Adding a regular expense for legal fees may not seem like an attractive choice at first. After all, achieving stability in your business or personal finances can be a high-wire act. Even in the most profitable times, common sense dictates that you manage your expenses carefully.
This thinking typically results in waiting for a compelling reason as to why you should hire an attorney on retainer. Nonetheless, this reasonable approach can also lead to tunnel vision. While you may not need legal counsel today, you may need it desperately tomorrow.
Give yourself a few minutes today to read this guide, consider your options, and evaluate your needs. You may find more reasons to retain a lawyer than you thought.
Should You Hire an Attorney on Retainer? Is it Worth it?
Thoughtfully addressing this question requires looking at some general pros and cons. Accordingly, we have gathered some prevalent thoughts anyone considering a lawyer on retainer should examine below. Let’s take a look at some of the pros and cons of having an attorney on retainer.
The internet is replete with blog articles that ask a version of “what should you ask an attorney?” There is an understandable reason for this phenomenon. Most individuals do not have a regular need for legal advice. Moreover, their search for a lawyer comes at one of the most stressful times of their life. The thought of paying an attorney retainer fee may not ever seem like a reasonable idea.
However, think about how much time and effort goes into finding a lawyer you trust. How much would it be worth to know you can call on them again? Ultimately, they may not have availability when you need them again. In this scenario, you have to start your search from scratch, which can cost something even more valuable than money – time.
Anyone who believes they have reason to retain an attorney can also see significant ebbs and flows in their requirements. For example, consider a scenario where your company is in the process of acquiring a small business. You may assume that the requisite paperwork and changes in business processes will take several months. If it takes less time than anticipated, you may have paid in advance for more work than was necessary. You can use these services later, but what if that need doesn’t materialize for years?
Moreover, there can be disputes over the scope of work available to you. You can mitigate this problem through clear communication. If the law firm doesn’t have the expertise you need for a particular concern, you may want to pay a retainer for a lawyer that can step up when necessary.
Finally, there is the possibility that you may disagree with your attorney, or you flat out want to change lawyers. This could be much easier to do if you hire one attorney outright, instead of holding a one on retainer.
Types of Retainer
One of the biggest obstacles to having a lawyer on retainer, is the potential cost. The type of retainer payment often depends on the specific services you anticipate in the future. For example, having someone ready to defend you in a lawsuit may necessitate one form over the other. We have provided an examination of potential situations in the following sections.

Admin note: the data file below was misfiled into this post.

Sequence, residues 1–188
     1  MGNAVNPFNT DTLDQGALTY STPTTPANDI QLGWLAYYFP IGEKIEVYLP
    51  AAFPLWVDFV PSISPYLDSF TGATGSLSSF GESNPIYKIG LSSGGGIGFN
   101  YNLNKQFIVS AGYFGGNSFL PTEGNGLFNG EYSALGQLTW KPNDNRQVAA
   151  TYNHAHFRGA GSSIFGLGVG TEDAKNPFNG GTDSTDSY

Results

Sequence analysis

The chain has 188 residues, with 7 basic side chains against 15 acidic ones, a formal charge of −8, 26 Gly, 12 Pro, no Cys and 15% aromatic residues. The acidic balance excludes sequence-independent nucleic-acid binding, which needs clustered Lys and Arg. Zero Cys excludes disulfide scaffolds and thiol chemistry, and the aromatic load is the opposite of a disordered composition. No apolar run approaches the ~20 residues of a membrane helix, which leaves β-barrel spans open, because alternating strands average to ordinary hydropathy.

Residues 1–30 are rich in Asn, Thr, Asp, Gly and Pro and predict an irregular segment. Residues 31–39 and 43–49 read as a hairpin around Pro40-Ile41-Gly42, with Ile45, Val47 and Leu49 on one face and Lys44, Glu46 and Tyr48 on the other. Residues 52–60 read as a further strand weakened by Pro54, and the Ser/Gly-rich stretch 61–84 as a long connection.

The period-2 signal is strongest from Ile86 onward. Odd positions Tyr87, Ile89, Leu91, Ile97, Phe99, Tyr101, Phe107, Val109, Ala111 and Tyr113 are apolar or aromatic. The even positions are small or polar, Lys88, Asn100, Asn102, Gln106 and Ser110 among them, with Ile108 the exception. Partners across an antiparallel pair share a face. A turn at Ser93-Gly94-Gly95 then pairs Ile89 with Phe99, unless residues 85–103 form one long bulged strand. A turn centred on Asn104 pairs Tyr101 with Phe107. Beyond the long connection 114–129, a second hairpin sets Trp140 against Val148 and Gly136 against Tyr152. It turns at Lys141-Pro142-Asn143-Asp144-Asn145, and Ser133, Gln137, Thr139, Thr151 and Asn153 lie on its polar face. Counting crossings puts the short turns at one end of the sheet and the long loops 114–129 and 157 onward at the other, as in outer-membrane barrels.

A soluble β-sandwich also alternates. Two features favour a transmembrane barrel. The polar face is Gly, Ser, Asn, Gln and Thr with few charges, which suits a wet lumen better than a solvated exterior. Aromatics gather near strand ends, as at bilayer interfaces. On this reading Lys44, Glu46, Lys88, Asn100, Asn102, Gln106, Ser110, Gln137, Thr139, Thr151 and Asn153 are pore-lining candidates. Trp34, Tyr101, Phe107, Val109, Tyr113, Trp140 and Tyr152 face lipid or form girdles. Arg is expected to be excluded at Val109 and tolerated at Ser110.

Paying in advance based on hourly rates is advantageous when you have reasonable expectations of your average needs. For instance, they may know that a relatively simple motion in court is almost always an eight-hour endeavor. If you anticipate needing this service several times, you can simply pay in advance for your annual needs.
Generally speaking, attorneys agree to contingency fees for lawsuits they file on behalf of their clients. For something like a personal injury lawsuit, they may waive the costs unless they win the case.
As for businesses, a practical example is your copyright concerns. Maybe you need to establish a new trademark. Or, there may be a competitor transgressing on your trademark to steal customers away.
In either scenario, you may want an attorney on retainer to take action contingent on success enforcing your intellectual property.
Flat or Block Fee
A law firm must have significant confidence in its costs and lawyers for a particular task to offer a flat or block fee. As a result, they may agree to this arrangement for routine and predictable needs. As a business owner, you may see much-needed cost savings through this arrangement that takes the sting out of inflating costs.
Work With an Experienced Local Attorney
Now that you know more about how retainers work, do you see a need this arrangement can meet? Are you in a position where you should hire an attorney on retainer? Taking this step can be one of the most overlooked considerations for anyone who starts a business.
We have a network of highly qualified lawyers that can be ready to serve your needs when they arise. If desired, we can also help you find an attorney on retainer across state lines. Contact us through our website or call (866) 345-6784 to get started!